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Finance Ministers' Meetings

Statement by the G7 Finance Ministers and Central Bank Governors

September 14, 1998

  1. Finance Ministers and Central Bank Governors of the G-7 countries have been in close contact over the last few days to discuss developments in the world economy and global financial markets and to explore ways to respond to the challenges now facing the international financial system.
  2. In light of the exceptional pressures in financial markets and deteriorating prospects for growth in many parts of the world, the Ministers and Governors agreed on the following approach.
  3. First, they agreed that inflation is low or falling in many parts of the world. They welcomed some encouraging developments as regards domestic demand growth in continental Europe. Nevertheless, in view of the slowdown in demand in a number of economies, especially among emerging market economies, the balance of risks in the world economy had shifted. They emphasized their commitment to preserve or create conditions for sustainable domestic growth and financial stability in their own economies. In this context, they noted the importance of close cooperation among them at this juncture.
  4. Second, the Ministers and Governors welcomed the courageous measures taken in many emerging economies and the significant progress made in laying the foundation for stability and recovery. They agreed to explore ways to reinforce the existing programs, in support of growth-oriented policies, with accelerated efforts to promote comprehensive programs for corporate and financial sector restructuring, improved transparency of policy-making. In addition, they agreed to consider measures to alleviate the effects of the crisis on the poorest segments of society, including if necessary through the provision of augmented financial assistance centered in the multilateral development banks.
  5. Third, the Ministers and Governors emphasized that the adverse developments in the external environment make it particularly important that countries take appropriate steps to strengthen policies and improve confidence. Countries that embrace unilateral action on debt as a substitute for reform and cooperation hurt the prospects for their own economies and the world system.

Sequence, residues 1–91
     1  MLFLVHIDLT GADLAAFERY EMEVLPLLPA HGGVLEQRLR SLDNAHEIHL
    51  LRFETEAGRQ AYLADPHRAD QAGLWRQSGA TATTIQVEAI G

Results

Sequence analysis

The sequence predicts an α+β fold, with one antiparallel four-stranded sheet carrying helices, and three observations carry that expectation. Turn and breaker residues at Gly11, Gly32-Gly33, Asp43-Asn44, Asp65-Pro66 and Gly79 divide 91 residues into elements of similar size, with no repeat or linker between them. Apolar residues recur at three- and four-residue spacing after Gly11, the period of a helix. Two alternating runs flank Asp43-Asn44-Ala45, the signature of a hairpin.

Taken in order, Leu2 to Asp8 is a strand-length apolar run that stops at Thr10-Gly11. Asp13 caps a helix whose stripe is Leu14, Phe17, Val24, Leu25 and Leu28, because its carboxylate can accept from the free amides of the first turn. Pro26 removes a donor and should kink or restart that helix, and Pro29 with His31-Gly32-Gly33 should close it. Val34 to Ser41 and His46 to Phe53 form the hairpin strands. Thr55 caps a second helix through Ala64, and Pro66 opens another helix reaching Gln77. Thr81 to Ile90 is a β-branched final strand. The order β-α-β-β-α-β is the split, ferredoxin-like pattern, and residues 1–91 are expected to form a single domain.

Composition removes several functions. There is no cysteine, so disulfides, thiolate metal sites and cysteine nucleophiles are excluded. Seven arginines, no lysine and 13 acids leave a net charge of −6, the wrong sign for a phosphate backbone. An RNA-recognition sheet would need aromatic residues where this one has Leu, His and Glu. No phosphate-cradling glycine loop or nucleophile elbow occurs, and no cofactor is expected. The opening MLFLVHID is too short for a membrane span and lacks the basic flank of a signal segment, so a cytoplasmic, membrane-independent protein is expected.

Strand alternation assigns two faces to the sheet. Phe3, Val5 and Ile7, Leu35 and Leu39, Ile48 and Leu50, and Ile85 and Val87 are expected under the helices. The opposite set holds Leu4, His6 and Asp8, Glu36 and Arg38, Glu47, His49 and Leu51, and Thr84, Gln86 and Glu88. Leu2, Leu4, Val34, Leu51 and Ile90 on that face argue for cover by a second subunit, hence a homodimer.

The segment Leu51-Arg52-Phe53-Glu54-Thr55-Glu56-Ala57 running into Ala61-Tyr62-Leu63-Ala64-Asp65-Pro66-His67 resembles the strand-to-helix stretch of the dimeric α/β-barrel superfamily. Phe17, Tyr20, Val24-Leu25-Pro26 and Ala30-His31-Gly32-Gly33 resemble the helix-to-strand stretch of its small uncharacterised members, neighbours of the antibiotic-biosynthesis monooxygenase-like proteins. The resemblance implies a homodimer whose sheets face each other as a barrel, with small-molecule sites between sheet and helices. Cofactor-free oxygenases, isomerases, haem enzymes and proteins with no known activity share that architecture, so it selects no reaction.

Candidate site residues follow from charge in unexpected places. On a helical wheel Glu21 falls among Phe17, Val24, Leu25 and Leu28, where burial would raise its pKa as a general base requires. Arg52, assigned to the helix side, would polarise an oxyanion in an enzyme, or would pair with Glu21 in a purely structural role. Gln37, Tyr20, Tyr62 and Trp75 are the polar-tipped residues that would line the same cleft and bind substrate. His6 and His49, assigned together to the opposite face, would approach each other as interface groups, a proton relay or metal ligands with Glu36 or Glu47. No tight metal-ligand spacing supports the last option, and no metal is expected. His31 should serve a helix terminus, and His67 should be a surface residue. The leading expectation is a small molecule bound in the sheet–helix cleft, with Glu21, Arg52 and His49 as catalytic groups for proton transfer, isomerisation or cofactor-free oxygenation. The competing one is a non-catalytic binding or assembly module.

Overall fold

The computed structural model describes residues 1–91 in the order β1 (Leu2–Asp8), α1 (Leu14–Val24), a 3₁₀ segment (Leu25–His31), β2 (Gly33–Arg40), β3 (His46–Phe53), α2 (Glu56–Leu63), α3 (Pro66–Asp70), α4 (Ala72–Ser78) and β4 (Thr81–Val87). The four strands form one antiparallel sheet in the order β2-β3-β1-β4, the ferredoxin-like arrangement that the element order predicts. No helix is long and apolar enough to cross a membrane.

6. Fourth, the Ministers and Governors agreed to support a cooperative international approach to support those countries that have been adversely affected by recent developments in global markets and which are implementing strong economic programs. They expressed concern about the extent of the general withdrawal of funds from emerging markets without respect to the diversity of prospects facing those countries and the significant progress that has been made in many countries in carrying out strong macroeconomic policies and structural reforms that enhance long-term growth prospects. They agreed on the urgency of the early implementation of the IMF quota increase and establishment of the New Arrangements to Borrow.
  7. Finally, they agreed to continue to support the provision of financial assistance from the IMF, which will remain at the center of the system, in support of strong policies, and including in parallel with the private sector. In this context, they drew attention to the possibility, if circumstances so warrant, of activating the General Arrangements to Borrow, in consultation with other participants in the arrangements. They also support an active role for the World Bank and the other MDBs in cooperating with and providing finance and technical assistance to support their member economies in this difficult time, with a particular focus on support for the vulnerable groups in society and for financial sector restructuring.
  8. The Ministers and Governors will continue to consult closely among themselves and with the major financial institutions in their countries that have a key interest in the smooth and efficient operation of markets and promotion of financial stability.
    Source: United States, The Department of the Treasury

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